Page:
The Democratic President used the fancy words ‘I want to change the paradigm,” back in March 2021….
That should translate to changing the American economic order more in the direction of helping middle class Americans ‘s that pay more of the tax bill…Of returning money back to the states…..Of helping middle class Americans in gaining in the countries economic system….
Not just giving Rich Americans and Big companies MORE ways to make and keep money…
Joe Biden is NOT a ‘trickle down from the rich to the poor and middle class’ person….
Republicans in Congress seem to have fought him ALL the way….
To quote James Carville….
“It’s the economy stupid’…..
Post Trump and pandemic have not made Biden’s job easy, nor is he getting much credit dfor advances he HAS made….
But he and others HAVE begun a campaign to get his message out…..
And get some credit where IT IS due….
(And get some better polling numbersw and more votes for his party in November)
With the ink now dry on the Inflation Reduction Act — the third major piece of economic legislation to pass across Biden’s desk, along with the $1.9 trillion American Rescue Plan Act and the $1.2 trillion Infrastructure Investment and Jobs Act — Democrats’ recent legislative victories have some in Washington asking: Are these new policies harbingers of a more fundamental change to America’s prevailing economic order?
Michael Tomasky, the veteran progressive journalist and editor of The New Republic and Democracy, is cautiously optimistic that they are.
In his new book, The Middle Out: The Rise of Progressive Economics and a Return to Shared Prosperity, which came out Sept. 6, Tomasky takes a step back from the day-to-day churn of economic policymaking to document the decades-long battle — waged by progressive economists, philanthropists and activists — to challenge policymakers’ reigning assumptions about how the economy operates.
Economists and policymakers haven’t settled on a single name for the new paradigm. Some have opted for “post-neoliberal economics” — a neologism that, as Tomasky notes, doesn’t exactly roll off the tongue. Instead, Tomasky calls it “middle-out economics,” borrowing a term coined in the early 2010s by the progressive venture capitalist and philanthropist Nick Hanauer and former Clinton advisor Eric Liu.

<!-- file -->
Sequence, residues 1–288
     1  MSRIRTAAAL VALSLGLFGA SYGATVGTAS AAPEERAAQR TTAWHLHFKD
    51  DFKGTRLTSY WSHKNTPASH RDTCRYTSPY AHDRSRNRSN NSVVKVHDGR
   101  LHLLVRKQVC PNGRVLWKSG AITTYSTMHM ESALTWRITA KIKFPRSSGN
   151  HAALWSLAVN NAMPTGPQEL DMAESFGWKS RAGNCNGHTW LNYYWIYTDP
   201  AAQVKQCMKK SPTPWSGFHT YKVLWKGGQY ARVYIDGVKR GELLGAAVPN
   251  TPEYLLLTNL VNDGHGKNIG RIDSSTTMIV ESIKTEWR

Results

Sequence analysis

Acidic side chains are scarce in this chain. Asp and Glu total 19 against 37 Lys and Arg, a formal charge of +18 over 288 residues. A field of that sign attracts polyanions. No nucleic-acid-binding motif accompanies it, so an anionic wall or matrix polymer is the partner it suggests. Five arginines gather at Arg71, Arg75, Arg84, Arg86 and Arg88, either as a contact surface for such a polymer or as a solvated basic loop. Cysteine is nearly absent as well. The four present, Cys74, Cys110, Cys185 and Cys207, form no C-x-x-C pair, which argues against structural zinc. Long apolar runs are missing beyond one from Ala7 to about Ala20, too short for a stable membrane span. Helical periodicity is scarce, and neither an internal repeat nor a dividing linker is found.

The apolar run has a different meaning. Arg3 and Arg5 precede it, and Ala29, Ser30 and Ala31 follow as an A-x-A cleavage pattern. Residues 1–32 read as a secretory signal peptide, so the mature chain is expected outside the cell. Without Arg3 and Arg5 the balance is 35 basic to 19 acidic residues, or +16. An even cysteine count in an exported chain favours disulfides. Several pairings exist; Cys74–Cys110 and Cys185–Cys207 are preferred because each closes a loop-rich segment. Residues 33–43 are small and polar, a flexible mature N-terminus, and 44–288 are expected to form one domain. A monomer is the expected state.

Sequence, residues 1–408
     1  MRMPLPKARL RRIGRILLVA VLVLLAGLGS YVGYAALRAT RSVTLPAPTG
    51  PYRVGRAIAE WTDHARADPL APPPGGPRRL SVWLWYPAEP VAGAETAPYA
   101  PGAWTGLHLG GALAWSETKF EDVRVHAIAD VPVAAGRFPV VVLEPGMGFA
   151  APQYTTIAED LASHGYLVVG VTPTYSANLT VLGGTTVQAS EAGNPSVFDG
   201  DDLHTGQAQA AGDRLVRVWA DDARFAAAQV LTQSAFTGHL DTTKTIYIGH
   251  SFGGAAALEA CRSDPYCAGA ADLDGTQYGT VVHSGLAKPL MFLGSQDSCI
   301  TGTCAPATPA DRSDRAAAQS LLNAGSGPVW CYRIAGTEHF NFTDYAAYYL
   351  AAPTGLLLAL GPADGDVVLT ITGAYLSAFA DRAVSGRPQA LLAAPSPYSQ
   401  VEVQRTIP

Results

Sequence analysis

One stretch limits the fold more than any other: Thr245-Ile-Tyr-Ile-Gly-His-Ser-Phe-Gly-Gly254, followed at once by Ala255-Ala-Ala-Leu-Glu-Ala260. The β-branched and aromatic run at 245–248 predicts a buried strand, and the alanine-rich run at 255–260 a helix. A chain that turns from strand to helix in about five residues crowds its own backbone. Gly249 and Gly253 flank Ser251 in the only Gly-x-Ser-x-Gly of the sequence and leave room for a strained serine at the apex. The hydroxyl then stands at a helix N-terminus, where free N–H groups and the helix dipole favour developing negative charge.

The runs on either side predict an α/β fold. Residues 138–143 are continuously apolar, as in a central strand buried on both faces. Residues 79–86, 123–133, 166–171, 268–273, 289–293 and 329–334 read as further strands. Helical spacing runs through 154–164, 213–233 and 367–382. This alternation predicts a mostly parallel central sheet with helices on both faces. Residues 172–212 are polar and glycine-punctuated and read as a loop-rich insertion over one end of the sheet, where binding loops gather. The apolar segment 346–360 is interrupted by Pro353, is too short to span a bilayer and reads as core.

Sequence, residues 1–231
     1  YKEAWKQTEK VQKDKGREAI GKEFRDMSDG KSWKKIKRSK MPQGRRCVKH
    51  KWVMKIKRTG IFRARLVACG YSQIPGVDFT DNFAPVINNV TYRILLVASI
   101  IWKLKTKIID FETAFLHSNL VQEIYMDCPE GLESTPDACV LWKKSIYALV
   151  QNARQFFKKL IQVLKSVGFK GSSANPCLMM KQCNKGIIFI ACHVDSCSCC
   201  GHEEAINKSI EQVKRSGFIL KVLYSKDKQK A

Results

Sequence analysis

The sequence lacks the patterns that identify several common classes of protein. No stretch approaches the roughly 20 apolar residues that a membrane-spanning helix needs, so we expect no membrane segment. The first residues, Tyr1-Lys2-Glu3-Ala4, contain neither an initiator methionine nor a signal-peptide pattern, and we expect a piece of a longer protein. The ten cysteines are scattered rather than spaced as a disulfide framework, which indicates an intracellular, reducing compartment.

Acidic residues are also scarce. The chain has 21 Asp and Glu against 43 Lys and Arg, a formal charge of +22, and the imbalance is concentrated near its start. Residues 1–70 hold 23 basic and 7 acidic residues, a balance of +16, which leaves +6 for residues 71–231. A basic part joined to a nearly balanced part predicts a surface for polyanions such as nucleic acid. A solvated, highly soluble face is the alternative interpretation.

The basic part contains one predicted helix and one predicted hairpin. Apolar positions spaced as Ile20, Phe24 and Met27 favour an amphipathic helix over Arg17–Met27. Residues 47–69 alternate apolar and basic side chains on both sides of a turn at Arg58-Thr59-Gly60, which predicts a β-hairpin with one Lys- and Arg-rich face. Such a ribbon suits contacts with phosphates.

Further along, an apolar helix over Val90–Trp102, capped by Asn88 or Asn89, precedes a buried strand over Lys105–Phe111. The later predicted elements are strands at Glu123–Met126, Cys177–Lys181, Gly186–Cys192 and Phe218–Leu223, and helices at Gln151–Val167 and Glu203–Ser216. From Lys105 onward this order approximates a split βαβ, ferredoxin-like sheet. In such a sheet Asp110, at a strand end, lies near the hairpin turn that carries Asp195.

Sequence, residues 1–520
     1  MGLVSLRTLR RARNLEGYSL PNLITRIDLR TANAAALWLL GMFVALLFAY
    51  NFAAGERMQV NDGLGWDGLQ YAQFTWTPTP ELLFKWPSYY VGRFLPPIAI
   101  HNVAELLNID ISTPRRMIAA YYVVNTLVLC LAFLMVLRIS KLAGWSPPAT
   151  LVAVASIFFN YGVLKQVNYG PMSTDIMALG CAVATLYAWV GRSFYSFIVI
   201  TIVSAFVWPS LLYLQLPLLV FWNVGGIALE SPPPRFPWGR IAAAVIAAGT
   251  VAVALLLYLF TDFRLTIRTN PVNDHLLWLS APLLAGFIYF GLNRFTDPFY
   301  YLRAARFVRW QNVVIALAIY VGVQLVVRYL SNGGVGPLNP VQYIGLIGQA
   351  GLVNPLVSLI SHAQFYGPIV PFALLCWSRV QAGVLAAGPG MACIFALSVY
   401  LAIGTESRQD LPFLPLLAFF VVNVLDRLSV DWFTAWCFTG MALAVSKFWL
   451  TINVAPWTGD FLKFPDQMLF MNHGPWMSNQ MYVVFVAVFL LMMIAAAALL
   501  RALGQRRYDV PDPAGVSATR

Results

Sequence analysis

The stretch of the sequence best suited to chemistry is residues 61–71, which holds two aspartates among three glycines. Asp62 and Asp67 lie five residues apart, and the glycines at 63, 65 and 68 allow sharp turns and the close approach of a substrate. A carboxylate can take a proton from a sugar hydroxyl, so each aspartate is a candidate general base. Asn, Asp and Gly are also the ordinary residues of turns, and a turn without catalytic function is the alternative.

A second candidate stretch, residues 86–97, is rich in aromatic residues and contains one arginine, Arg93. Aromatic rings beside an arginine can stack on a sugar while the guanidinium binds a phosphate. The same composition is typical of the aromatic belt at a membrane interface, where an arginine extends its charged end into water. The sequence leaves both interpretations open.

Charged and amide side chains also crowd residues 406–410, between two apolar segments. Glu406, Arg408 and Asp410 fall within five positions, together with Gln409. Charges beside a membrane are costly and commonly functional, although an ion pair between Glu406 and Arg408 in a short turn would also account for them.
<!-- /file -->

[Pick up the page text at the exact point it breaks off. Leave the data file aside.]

At its most basic, this new paradigm reflects a theory about how economies grow: not from the top down, as Ronald Reagan’s supply-side economics suggested, but from the middle out, through investments in the middle class and the institutions that support it, such as strong unions, good public schools, affordable child- and health care and a robust social safety net. But beyond a set of policy prescriptions, this paradigm also entails an updated — if not entirely new — way of thinking about fundamental economic questions: What motivates economic agents? What is the proper relationship between economic growth and economic inequality? How does economic policy relate to foundational American ideals like democracy and freedom?
Tomasky thinks that most Americans have a default set of answers to these questions: People act primarily out of self-interest; inequality is an inevitable byproduct of growth; freer markets lead to freer people. But in recent years, Tomasky reports, a growing group of progressive economists and activists have been challenging these assumptions. And when Joe Biden entered the White House, a sizable coterie of these intellectuals joined him as economic advisors and policy aides.
Now, with several major economic policy achievements under their belt, Democrats are getting a first glimpse of what this new paradigm looks like in practice….
Strengthening the middle class strengthens democracy because when you don’t have a strong middle class, and when the wealthy have all the economic and political power, that’s when you devolve into oligarchy. That’s what history plainly shows. This is not some radical idea. This is a very mainstream and traditional idea. Thomas Jefferson believed this. James Madison believed that you have to have a strong middle class to have a functioning democracy. I think Democrats need to make that connection much more explicit, especially now that they’re actually getting people to care about democracy